Reb Tevye in Fiddler on the Roof provides a sound examination of Ted Turner's theology. Tevye confesses that if he were a rich man he could sit with the Rabbi all day long and talk theology. He admits that he wouldn't really know any more than he knew when he was poor, but he boasts, "when you're rich they think you really know."
On Tuesday, August 29, 2000, Ted Turner spoke to the Millennium World Peace Summit to a thousand delegates from around the world. Turner had helped to make the summit possible by donating $300,000 to the effort through his "Better World Fund." Thus, the religious heads of the world gathered — different garbs, colors, and doctrines — to listen to "theologian" Ted Turner solve the mass complexities of world diversity with Sesame Street brainpower. Among those items Ted used to enlighten this vast ecumenical host were these:
"When I was a boy, I was very religious ... (but) the thing that disturbed me is that my religious Christian sect was very intolerant. ... You know, everybody — the Catholics weren't going to heaven, the other Protestants weren't going to heaven, the Jews weren't going to heaven, the Muslims weren't going to heaven, the Hindus weren't, the Shintoists, I mean nobody was going to heaven but just us! ... It just confused the devil out of me because I said, 'Heaven's going to be a mighty empty place with nobody else there.'"
"Basically, we're all the same. We love our children, we love our wives, we love our husbands, we love our religions, we love birds and butterflies, and we love flowers, and we like to go on vacations, you know ... When it's cold, we want to put on a warm coat, and when it's hot, we want to take our shirts off. You know, everybody likes to go swimming, just about — you know, most of us ..."
"First of all, in World War II, people still thought, some people thought, there were more than one race of men. You know, there was a black race and the yellow race and the red man ... (But) the scientists and the archaeologists have demonstrated that we're just one human race. We're one human race! I mean, it's us!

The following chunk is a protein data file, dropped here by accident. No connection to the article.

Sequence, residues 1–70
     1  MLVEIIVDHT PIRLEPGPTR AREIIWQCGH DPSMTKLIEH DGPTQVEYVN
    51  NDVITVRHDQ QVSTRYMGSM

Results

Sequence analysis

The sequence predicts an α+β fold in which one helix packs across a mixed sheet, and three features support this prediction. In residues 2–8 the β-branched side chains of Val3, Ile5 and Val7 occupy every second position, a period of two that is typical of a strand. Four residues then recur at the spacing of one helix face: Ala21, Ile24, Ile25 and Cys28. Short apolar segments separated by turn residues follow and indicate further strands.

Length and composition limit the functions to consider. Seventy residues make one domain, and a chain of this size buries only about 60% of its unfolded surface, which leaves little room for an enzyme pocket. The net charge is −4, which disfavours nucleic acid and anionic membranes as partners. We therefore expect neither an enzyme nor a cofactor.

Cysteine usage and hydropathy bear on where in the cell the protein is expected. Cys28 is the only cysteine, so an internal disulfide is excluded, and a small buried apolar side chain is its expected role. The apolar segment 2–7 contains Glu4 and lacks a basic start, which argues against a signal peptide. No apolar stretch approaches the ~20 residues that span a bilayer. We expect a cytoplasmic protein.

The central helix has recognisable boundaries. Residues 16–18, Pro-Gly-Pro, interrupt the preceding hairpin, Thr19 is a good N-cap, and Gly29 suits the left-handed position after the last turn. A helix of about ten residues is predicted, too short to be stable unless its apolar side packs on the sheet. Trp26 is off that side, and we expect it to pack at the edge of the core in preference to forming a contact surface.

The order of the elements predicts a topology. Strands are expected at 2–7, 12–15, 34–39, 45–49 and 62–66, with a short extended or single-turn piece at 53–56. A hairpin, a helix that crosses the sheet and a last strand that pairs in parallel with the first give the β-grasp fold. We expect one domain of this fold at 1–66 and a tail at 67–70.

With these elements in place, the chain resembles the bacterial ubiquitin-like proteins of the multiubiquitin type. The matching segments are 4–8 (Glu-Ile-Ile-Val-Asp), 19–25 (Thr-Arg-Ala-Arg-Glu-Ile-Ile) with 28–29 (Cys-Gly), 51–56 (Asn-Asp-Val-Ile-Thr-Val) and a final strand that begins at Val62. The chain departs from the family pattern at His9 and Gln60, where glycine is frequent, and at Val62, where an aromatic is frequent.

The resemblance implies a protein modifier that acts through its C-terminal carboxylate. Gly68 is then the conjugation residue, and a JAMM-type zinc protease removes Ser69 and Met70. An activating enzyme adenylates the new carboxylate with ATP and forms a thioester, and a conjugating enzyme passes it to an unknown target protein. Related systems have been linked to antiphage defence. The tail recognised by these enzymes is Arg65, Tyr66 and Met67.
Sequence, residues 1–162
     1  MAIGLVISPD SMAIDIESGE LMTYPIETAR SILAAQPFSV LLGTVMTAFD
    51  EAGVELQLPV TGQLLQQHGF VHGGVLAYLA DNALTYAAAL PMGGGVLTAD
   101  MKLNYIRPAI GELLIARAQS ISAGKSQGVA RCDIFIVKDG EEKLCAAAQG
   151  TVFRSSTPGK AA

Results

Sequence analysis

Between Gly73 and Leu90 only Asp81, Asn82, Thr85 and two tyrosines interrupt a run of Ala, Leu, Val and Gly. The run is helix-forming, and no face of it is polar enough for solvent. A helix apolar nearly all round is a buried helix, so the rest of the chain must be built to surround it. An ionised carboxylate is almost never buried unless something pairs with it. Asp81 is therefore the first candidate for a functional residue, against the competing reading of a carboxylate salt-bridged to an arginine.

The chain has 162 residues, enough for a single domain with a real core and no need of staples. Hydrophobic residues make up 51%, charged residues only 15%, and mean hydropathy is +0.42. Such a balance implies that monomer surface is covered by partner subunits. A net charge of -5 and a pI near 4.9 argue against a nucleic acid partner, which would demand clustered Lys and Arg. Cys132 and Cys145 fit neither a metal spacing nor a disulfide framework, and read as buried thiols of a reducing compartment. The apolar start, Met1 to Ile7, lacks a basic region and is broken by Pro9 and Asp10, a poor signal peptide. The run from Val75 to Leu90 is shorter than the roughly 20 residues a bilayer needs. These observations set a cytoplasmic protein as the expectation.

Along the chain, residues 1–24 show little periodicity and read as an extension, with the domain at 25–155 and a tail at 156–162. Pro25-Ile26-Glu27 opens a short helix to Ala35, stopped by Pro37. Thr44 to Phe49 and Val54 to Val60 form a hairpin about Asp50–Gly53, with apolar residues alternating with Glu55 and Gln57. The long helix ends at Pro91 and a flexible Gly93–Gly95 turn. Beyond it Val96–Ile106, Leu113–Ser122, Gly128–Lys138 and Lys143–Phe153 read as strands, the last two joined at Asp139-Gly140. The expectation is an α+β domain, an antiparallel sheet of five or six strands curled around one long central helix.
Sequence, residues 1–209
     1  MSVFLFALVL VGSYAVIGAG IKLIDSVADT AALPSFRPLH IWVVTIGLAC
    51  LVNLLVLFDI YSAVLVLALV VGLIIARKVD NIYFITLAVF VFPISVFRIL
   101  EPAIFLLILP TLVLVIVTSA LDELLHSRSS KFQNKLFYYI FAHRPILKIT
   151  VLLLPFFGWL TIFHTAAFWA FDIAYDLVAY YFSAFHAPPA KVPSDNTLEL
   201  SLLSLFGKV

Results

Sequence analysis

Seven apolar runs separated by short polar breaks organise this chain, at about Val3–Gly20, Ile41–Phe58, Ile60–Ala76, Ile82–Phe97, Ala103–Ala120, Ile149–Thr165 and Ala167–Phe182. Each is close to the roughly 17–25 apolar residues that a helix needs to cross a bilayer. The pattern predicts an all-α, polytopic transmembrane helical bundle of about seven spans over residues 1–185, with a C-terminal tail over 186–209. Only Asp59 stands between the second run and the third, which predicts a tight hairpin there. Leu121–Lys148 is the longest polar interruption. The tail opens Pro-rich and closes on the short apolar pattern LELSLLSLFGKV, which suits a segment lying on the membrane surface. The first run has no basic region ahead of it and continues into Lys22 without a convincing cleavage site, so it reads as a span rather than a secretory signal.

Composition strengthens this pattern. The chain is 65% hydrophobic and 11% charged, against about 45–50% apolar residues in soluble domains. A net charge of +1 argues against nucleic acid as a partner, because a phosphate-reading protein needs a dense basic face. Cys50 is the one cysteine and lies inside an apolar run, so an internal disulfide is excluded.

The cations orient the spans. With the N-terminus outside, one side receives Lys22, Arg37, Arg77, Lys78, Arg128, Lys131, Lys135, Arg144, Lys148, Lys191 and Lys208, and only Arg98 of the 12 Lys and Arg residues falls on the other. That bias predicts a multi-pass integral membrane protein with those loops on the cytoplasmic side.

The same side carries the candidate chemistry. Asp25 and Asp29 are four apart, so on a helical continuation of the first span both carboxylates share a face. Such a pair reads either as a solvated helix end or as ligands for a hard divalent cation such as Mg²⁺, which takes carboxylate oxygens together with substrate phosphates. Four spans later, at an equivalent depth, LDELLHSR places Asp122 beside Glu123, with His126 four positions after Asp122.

And we all came from Africa originally and spread out all over the world and then we just — Africa! Africa! Africa! Yeah, man! All right. That's where we all come from.
And we got different colors, you know, because the white people lived in the north and the dark people lived in the south. I mean, that's the way bears are. The bears in the north are white and the bears in the south are black ... They're still bears, for Christ's sake!"
On Nuclear Dangers
"You know, we have, I don't know, tens of thousands of nuclear weapons are still pointed at each other in the world today. And they say they're safe! But they can't get the Concorde to take off out of Paris without burning up. ... All of us together can't get a Russian submarine that's sunk in only 300 feet of water, can't get the people to the surface, and yet they say all these nuclear missiles are safe. Don't believe it. I mean, they're not safe at all.
The only safe thing to do is get rid of 'em! Get rid of 'em now! Right on!"1
My friend, Wyman Richardson, wrote to me after this speech saying: "Thank you, Ted Turner, for clearing up so many pesky theological problems. In the wake of such weighty thinking about God, surely all things will be better."
But Mr. Turner does illustrate that in a world crammed with religious naiveté, some of the very rich are just naïve enough to suppose themselves learned. He also illustrates that some of the dumb in our dumb-down world are paid all out of proportion to their theological I.Q.
But the greatest danger of Ted's theology is that it seemed so reasonable to the ignorant. His speech was widely acclaimed and often applauded. Turner further illustrates that the only legitimate intolerance permitted in our day is the intolerance of those labeled intolerant.
Ted and God do have this in common: they both would like the world to be one. Still, after all, it takes more than money to create good theology. It takes a heart bent on holy approval by a God who wants the world to be one, but not at the expense of sound thinking.
Money has a way of making mortals think they are God. I saw a T-shirt, which read on the front: "The Good News is there is a God." On the back it read: "The bad news is you're not Him." Ted should buy this shirt.
1 Ted Turner, as quoted in The Atlanta Journal-Constitution, Wednesday, August 30, 2000, page 14A.
Calvin Miller is professor of preaching and pastoral ministry at Beeson Divinity School in Birmingham, Ala.